The country music legend, 92, died as a result of complications from a stroke. She was perhaps best known for her hit, “It Wasn’t God Who Made Honky Tonk Angels.”

Sung in a gospel-inflected moan and backed by a crying steel guitar, Ms. Wells’s record spent six weeks at the top of the country charts and crossed over to the pop Top 40. The song’s success not only made her the biggest female country music star of the postwar era; it also persuaded record executives in Nashville to offer recording contracts to other women. (Music labels had until then not thought female singers were worth the investment.)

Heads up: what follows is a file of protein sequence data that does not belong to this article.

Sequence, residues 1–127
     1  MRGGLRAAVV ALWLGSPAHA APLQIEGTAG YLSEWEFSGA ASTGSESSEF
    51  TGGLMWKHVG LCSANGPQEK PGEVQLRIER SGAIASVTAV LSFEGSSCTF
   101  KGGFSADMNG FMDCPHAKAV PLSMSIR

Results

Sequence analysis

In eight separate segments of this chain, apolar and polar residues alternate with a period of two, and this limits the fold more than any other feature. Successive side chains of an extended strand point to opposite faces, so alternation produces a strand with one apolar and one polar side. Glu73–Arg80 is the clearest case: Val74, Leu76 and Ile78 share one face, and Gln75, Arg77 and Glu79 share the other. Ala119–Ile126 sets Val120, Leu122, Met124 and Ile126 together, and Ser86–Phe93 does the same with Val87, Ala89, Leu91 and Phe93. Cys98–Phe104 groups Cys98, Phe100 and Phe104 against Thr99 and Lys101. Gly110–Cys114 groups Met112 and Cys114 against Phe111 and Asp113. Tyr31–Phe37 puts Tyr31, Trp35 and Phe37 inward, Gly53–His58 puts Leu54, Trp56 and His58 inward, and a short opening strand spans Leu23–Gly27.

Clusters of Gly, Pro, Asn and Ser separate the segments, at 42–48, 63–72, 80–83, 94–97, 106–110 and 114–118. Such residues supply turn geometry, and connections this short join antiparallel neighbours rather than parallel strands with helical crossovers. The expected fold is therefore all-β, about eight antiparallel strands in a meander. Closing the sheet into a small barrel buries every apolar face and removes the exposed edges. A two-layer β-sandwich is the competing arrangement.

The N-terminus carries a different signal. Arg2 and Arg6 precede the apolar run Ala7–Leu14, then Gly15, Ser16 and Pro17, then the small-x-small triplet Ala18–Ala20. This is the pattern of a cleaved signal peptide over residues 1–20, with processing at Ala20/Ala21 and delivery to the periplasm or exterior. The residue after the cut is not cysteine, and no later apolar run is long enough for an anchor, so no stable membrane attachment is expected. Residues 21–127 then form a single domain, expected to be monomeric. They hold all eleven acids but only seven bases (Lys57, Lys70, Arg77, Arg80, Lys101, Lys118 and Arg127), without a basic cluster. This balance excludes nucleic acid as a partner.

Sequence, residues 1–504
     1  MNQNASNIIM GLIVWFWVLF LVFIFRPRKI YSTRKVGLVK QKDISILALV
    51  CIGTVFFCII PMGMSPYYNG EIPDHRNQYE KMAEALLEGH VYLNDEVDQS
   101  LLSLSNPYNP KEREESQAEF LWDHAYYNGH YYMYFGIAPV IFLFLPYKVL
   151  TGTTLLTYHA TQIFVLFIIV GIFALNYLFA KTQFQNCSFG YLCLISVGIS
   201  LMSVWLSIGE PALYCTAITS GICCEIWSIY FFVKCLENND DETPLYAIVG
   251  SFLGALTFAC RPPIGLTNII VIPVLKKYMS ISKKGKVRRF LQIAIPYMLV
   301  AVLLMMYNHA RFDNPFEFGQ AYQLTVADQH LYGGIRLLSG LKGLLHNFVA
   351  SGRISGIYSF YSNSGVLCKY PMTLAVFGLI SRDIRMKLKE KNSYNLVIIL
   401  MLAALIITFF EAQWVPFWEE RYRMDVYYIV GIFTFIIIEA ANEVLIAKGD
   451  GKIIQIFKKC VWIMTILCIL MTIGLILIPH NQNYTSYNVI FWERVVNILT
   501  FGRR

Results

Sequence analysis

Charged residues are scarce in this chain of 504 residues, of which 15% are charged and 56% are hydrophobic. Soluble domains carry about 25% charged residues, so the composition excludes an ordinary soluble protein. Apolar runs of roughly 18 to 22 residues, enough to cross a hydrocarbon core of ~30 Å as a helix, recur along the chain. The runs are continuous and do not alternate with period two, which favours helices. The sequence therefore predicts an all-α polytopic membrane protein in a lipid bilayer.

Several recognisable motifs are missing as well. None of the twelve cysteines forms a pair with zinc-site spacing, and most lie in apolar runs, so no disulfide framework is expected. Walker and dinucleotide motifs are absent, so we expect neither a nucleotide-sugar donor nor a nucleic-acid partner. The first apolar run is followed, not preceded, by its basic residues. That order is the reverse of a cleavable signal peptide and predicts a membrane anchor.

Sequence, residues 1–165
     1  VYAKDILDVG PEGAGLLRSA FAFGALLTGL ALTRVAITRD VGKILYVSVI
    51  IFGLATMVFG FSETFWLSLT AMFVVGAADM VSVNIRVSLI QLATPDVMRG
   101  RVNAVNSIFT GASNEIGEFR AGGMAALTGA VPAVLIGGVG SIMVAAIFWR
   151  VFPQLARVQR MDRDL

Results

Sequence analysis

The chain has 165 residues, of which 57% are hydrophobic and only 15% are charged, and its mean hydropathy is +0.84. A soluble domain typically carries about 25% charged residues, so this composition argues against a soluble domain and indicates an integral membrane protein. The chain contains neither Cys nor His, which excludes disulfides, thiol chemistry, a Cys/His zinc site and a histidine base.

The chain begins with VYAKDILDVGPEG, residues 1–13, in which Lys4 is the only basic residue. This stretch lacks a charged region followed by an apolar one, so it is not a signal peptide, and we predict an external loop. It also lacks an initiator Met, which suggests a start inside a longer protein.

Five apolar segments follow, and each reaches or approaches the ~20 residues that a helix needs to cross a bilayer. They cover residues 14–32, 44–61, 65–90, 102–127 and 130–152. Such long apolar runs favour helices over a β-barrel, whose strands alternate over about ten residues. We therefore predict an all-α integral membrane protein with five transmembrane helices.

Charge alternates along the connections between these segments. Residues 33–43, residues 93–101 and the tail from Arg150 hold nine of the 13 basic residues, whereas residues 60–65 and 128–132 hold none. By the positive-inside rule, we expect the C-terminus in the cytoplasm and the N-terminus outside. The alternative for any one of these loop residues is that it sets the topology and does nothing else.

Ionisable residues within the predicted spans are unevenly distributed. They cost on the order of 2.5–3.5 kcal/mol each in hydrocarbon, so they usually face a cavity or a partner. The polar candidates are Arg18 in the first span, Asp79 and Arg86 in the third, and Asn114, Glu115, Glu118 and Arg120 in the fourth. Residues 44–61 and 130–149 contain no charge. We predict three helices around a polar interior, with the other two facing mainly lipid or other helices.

Ms. Wells went on to become a prototype for generations of female singers, from Loretta Lynn and Dolly Parton to Iris DeMent. The renowned song publisher Fred Rose anointed her the Queen of Country Music.

Fellow country music stars took to Twitter to pay their respects:

Wells had a lot of fans in the Twitterverse, as evidenced by the outpouring of tributes.